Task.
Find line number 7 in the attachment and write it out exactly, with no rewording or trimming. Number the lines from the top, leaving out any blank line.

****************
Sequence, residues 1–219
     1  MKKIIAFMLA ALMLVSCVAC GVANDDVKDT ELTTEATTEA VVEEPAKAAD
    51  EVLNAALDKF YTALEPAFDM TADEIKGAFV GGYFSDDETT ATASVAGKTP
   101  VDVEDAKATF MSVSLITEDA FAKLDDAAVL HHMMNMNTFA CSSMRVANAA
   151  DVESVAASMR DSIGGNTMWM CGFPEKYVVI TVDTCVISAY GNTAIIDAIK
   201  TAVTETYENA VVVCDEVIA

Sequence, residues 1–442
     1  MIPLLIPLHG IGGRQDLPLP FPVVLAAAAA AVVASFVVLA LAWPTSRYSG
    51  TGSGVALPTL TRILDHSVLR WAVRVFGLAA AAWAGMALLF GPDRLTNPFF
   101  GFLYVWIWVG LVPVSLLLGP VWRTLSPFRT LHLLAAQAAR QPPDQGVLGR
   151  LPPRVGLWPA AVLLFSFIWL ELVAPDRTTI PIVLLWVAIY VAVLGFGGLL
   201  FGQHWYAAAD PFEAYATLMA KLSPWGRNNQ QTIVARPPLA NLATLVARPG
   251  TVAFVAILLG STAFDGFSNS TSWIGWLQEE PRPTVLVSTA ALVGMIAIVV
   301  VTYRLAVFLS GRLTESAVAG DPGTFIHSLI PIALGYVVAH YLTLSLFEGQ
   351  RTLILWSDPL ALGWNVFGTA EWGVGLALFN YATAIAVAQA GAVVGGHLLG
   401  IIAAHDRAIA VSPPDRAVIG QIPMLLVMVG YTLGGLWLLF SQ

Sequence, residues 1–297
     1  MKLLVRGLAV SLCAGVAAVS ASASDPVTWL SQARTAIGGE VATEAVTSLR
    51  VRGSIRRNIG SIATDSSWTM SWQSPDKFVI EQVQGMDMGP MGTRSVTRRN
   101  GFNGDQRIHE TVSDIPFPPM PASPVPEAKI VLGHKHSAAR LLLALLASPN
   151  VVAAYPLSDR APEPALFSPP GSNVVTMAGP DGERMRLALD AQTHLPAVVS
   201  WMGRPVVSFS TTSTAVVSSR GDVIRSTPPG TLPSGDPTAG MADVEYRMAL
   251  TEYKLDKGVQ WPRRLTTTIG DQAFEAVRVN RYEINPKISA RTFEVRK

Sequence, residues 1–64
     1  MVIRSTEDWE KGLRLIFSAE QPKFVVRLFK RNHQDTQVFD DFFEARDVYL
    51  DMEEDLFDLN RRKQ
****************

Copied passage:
Sequence, residues 1–442